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Press Release

Dallas Man Sentenced to 15 Years in Federal Prison for Possessing Methamphetamine and GHB with Intent to Distribute

For Immediate Release
U.S. Attorney's Office, Northern District of Texas

DALLAS — Roger Harry Olson, II, has been sentenced by U.S. District Judge David C. Godbey to serve a total of 15 years in federal prison following his guilty plea in October 2015 to an indictment charging two federal felony drug offenses, announced U.S. Attorney John Parker of the Northern District of Texas.

Specifically, Olson, 43, of Dallas, pleaded guilty to two counts of possession with intent to distribute a controlled substance.  According to the factual resume filed in the case, in May 2014, a detective with the Garland Police Department, two detectives with the Garland and Dallas Police Departments, assigned as task force officers with the Drug Enforcement Administration (DEA) and other law enforcement officers executed a search warrant for Olson’s car.  The same date, Officers searched Olson’s apartment and found approximately 50 grams of methamphetamine as well as a mixture containing gamma hydroxybutyric, commonly known as GHB or the “Date-Rape” drug.  Olson admitted he possessed the methamphetamine and the GHB with the intent to distribute it.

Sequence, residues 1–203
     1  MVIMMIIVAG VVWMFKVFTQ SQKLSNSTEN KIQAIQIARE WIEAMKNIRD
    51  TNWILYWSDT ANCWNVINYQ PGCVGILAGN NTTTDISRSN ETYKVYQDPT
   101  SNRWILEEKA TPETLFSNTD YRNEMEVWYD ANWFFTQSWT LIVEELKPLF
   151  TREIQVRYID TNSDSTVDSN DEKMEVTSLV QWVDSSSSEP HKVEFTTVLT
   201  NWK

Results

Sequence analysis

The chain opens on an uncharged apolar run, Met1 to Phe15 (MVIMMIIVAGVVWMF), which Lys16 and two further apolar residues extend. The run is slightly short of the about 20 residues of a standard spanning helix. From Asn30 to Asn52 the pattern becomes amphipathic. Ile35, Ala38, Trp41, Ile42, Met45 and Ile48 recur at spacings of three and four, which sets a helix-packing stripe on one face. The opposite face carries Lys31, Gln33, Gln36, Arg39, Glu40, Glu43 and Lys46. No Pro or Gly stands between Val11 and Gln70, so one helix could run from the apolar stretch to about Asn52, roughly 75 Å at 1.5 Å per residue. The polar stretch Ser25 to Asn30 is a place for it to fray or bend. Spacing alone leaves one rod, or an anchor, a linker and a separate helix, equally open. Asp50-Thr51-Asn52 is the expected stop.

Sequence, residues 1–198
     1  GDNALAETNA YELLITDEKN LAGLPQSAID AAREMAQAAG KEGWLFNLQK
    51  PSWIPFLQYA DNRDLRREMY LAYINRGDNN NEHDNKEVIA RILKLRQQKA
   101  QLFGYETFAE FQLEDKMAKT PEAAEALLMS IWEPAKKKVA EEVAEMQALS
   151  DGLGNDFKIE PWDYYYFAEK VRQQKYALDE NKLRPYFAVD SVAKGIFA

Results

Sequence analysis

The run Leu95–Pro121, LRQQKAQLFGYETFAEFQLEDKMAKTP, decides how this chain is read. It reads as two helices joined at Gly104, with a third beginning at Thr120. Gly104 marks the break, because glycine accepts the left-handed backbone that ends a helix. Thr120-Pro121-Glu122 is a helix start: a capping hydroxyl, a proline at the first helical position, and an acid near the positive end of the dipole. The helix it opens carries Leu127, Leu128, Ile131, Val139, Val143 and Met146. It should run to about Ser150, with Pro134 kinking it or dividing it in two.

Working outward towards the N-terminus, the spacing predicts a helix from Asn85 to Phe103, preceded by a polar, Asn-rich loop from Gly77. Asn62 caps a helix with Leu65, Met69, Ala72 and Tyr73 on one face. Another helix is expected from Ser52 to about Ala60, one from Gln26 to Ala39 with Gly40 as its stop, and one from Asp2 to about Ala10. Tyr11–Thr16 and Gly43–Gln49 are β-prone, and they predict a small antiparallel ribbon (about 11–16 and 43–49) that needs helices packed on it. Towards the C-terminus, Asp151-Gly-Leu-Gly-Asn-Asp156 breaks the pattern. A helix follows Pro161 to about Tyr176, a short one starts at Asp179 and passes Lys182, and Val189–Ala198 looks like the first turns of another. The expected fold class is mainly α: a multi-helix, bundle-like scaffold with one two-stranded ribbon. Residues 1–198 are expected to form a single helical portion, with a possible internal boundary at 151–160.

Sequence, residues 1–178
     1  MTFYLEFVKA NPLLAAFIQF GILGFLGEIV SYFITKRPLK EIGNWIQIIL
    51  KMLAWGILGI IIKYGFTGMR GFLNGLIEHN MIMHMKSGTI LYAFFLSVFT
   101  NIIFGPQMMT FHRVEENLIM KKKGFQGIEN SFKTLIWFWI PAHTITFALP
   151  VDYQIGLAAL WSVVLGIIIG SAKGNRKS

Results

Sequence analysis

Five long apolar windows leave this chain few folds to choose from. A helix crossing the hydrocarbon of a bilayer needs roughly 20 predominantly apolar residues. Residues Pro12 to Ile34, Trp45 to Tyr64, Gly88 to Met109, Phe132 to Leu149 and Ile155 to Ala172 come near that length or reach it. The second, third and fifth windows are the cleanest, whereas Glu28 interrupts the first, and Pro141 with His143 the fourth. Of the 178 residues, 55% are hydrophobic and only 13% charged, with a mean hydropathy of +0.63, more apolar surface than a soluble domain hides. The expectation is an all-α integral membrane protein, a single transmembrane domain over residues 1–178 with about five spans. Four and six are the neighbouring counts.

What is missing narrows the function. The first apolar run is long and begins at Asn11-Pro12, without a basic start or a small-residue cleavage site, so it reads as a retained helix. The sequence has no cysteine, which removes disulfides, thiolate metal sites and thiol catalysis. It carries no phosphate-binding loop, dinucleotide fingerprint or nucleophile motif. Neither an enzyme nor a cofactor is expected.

According to information presented at Olson’s sentencing hearing, the evidence showed that Olson had three prior California convictions involving “possession for sale” of methamphetamine and GHB, and he was on Texas probation for possession of methamphetamine when he was arrested in May 2014 for the instant drug offenses.  Because of Olson’s prior convictions, the government filed an information enhancing the penalties for Olson’s possession with the intent to distribute methamphetamine, subjecting Olson to a statutory period of imprisonment of 10 years to Life.  The court also ordered that Olson’s federal sentence run consecutive to any term of imprisonment resulting from the revocation of his probated state sentence. 

The Garland Police Department and the DEA investigated the case.  Deputy Criminal Chief Assistant U.S. Attorney Gary Tromblay was in charge of the prosecution.


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Updated April 26, 2016

Drug Trafficking